keep to specifics ("how does this step follow?" as opposed to "woolly and
vague").  This draft-exchanging ritual is tremendously important, but nobody
ever seems to teach you how it's done.  When in doubt, ask for help.  And if
somebody comments a draft for you, thank them and be certain to reciprocate
(and don't forget to include them in the acknowledgements section of the
finished paper).  Doing so, even once, will almost certainly cement a
long-term professional relationship — a new member of your network.

(6) Follow up.  Keep coming up with simple ways to be useful to the people
in your network.  A few times a year is plenty.  Pass things along to them.
Mention their work to other people.  Plug them in your talks.  Include them
in things.  Get your department or laboratory to invite them to speak.  Put
them up when they come to town.  And invent other helpful things to do that
nobody ever thought of before.  None of this is mandatory, of course, but
it helps.  And I can't repeat this often enough: keep it low-key.  Never,
ever pressure anybody into anything.  Never heap so much unsolicited help
on someone that they feel crowded or obligated.  Don't complain.  And
furthermore, make sure you're doing all this stuff from courtesy and
respect, and not as any kind of phony politicking — people can spot phonies
a mile off.  Build relationships with personal friends outside of work so
you won't be unconsciously trying to get professional contacts to play roles
in your personal life (for example, the role of sounding board for your
troubles).  If you don't hear from someone for a while, let it ride.  If
you feel yourself getting obsessive about the process, go talk it out with
someone you regard as wise.

This step-by-step procedure is obviously oversimplified and somewhat rigid.
And it omits many topics, such as the claims that effective networking
makes on numerous other activities: giving talks, mixing at receptions,
formulating research results, choosing where and when to publish, organizing
workshops and journal issues, and so forth.  Nonetheless, some basic points
about the networking process should be clear enough:

 * It takes time — you have to be patient and let it happen.

 * It focuses on particular individuals and particular relationships.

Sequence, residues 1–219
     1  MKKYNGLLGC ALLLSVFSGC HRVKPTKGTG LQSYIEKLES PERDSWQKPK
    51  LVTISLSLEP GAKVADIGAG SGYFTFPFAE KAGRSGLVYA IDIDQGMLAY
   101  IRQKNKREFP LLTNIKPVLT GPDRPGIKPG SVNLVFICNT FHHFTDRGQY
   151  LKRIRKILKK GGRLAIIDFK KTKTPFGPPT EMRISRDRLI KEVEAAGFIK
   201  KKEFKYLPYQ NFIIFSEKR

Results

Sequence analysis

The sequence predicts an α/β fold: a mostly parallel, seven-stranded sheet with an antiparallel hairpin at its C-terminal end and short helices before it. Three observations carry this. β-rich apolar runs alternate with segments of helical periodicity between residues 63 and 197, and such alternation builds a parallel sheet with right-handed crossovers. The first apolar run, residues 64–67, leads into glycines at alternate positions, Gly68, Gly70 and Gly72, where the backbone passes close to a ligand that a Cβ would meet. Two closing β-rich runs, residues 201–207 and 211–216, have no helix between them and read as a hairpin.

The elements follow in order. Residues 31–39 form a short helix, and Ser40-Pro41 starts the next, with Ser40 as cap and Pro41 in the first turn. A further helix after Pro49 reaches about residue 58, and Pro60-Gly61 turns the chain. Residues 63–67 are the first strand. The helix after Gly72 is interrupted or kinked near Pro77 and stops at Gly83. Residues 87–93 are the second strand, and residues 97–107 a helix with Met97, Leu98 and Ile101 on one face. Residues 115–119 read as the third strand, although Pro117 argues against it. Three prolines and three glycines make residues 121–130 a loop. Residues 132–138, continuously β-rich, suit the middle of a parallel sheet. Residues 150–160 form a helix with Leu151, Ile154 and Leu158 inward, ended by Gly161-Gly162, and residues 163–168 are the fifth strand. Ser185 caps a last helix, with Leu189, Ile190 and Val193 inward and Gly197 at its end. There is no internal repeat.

* It produces bonds of reciprocal obligation through the exchange of favors.

 * It calls for a significant but manageable up-front investment.

 * It requires you to cultivate a realistic awareness of power.

 * It involves a variety of communication media.

 * It forces you to develop communication skills in each of these media.

These statements, of course, aren't etched in stone.  You should keep
reflecting on your professional life as you go along, continually trying to
come up with a better way of explaining it to yourself.  No doubt I've left
out some important dimensions of the process.

Having surveyed the basics of networking and professional relationships,
it's time to consider the role that electronic communication can play.
The most important thing is to employ electronic media consciously and
deliberately as part of a larger strategy for your career.  It's okay to
use the net in other parts of your life: hunting for people to correspond
with, organizing political movements, joining discussions of sex and
child-rearing, and so forth.  But so long as you have your professional hat
on, every message you exchange on the network should be part of the process
of finding, building, and maintaining professional relationships.  I cannot
emphasize this strongly enough, because electronic mail seems to provide
endless temptations to the contrary.  I succumb to these temptations
regularly, and I invariably regret it.  They include:

 * The temptation to react.  Most on-line discussion groups consist
largely of people reacting to things they've seen, acting on impulse
without thinking through their own agenda in the situation.  (One kind of
reacting is called "flaming", but many other kinds of reacting are equally
insidious.)  E-mail encourages this kind of reactive behavior by making
it easy to respond to a discussion with only a few rapid keystrokes.  Keep
your cool.  The more impulsive you are, the more you're using the network
to find friends as opposed to colleagues, and the greater your unmet needs
for affirmation and attention, the more you will be led into reaction.  One
slip-up will not bring your career to a halt, but you should definitely be
aware of the phenomenon.

 * The temptation to pretense.  Electronic communication affords the
illusion of semi-anonymity: since people only know you by your mailbox
address, you tend to lose the inhibitions that normally keep you from
pronouncing on matters that you are not really informed about.  The chatty
informality of most e-mail discussion groups, which is certainly capable
of being a force for good in the world, nonetheless also tends to wear down
these inhibitions.  Besides, everyone else is doing it.  But pretending to
know things is just as bad an idea on e-mail as it is face-to-face.  Keep